Roast Your Turkey a Day Ahead

You will have a juicy bird without the stress

Turkey brine

The Spruce / Julia Hartbeck

Did you know that you can roast a turkey for Thanksgiving a day ahead of time, carve it, refrigerate it overnight, and then reheat it to juicy perfection on Thanksgiving Day? This wonderful method ensures a moist and flavorful bird and is much easier on the cook. It is especially nice if you aren't very confident in your carving skills and would rather not do it in front of an audience, or if you have a small kitchen with just one oven. This is also a great idea if you have a lot of people coming and want to make sure you have enough turkey—roast one on the big day and have this one waiting in the fridge!

And don't worry, it will still smell like Thanksgiving—when the turkey reheats, delectable aromas will drift through the house just as if the turkey was being roasted. Follow these steps the day before for a less stressful turkey day.


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Roast as Usual

Roast the turkey the way you'd usually do it. (You can even roast the bird unstuffed from the frozen state.) When the interior temperature of the turkey reaches 170 F in the thigh, take it out of the oven and let it rest, covered, for about 30 minutes. Into a container, pour the drippings from the roasting pan including any bits that are stuck to the bottom; save it all to make the gravy tomorrow. You can wash the roasting pan to store the carved turkey or leave as is.

how to roast turkey a day ahead illustration
The Spruce

Carve the Bird

Before you begin, make sure your knife is sharp and that you have a large enough cutting board. First, cut down between one breast and one leg, then pull and twist the leg to pop it out of the joint. Keep cutting until the leg and thigh come free. Then cut the leg away from the thigh. Put the drumstick and pieces of thigh meat into the roasting pan.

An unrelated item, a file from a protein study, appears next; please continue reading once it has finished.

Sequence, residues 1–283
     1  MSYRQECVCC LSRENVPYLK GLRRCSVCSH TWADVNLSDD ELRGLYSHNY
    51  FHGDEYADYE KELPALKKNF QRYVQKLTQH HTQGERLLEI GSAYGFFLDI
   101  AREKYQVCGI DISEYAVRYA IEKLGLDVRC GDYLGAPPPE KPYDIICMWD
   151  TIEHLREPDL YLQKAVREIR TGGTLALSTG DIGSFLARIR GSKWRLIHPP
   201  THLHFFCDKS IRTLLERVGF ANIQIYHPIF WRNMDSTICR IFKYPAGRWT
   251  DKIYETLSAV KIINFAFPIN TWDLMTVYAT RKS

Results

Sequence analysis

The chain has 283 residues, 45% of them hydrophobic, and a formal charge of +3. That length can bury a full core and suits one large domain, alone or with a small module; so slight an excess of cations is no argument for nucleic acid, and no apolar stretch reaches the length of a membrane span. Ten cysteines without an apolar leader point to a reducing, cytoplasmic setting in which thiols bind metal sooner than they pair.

Next, cut the breast away from the bird, then slice it crosswise, keeping some skin on each piece. Place this in the pan. Cut off the wing and add to the pan. Then turn the bird around and carve the other side in the same manner. Check out "How to Carve a Turkey" for step-by-step photos of the process.


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Ready It for the Fridge

You don't want the meat to dry out while it sits overnight, so you will need to cover it with a liquid. Spoon some chicken broth or the drippings from the roasting pan over the turkey so it stays moist. Cover snugly and refrigerate overnight.

Reheating the Next Day

On Thanksgiving day, remove the turkey from the refrigerator and let sit to come to room temperature before reheating. Keeping the turkey in the roasting pan just as it is, cover with aluminum foil and reheat in a 350 F oven for 45 to 55 minutes, or until the turkey is hot and steaming and registers 165 F on your meat thermometer. You can bake it along with the stuffing (drizzle a little turkey broth over the stuffing before you bake it to add some turkey flavor). And don't forget to make the gravy—pour the drippings into a saucepan, add a flour/water mixture, and boil hard, adding salt until the flavor blooms.